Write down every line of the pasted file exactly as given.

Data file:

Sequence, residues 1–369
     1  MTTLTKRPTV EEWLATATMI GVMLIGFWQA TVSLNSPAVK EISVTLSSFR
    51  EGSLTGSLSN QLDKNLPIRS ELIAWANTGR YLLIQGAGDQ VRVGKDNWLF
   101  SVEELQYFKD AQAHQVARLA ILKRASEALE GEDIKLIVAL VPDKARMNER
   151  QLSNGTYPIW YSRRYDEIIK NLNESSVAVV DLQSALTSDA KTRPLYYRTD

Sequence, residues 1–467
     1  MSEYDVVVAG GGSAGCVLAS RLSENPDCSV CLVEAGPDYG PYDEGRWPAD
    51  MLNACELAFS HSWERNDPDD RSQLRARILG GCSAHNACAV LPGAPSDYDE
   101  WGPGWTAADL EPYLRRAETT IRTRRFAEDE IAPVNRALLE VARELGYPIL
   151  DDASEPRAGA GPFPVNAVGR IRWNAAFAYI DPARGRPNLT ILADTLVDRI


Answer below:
Sequence, residues 1–369
     1  MTTLTKRPTV EEWLATATMI GVMLIGFWQA TVSLNSPAVK EISVTLSSFR
    51  EGSLTGSLSN QLDKNLPIRS ELIAWANTGR YLLIQGAGDQ VRVGKDNWLF
   101  SVEELQYFKD AQAHQVARLA ILKRASEALE GEDIKLIVAL VPDKARMNER
   151  QLSNGTYPIW YSRRYDEIIK NLNESSVAVV DLQSALTSDA KTRPLYYRTD

Sequence, residues 1–467
     1  MSEYDVVVAG GGSAGCVLAS RLSENPDCSV CLVEAGPDYG PYDEGRWPAD
    51  MLNACELAFS HSWERNDPDD RSQLRARILG GCSAHNACAV LPGAPSDYDE
   101  WGPGWTAADL EPYLRRAETT IRTRRFAEDE IAPVNRALLE VARELGYPIL
   151  DDASEPRAGA GPFPVNAVGR IRWNAAFAYI DPARGRPNLT ILADTLVDRI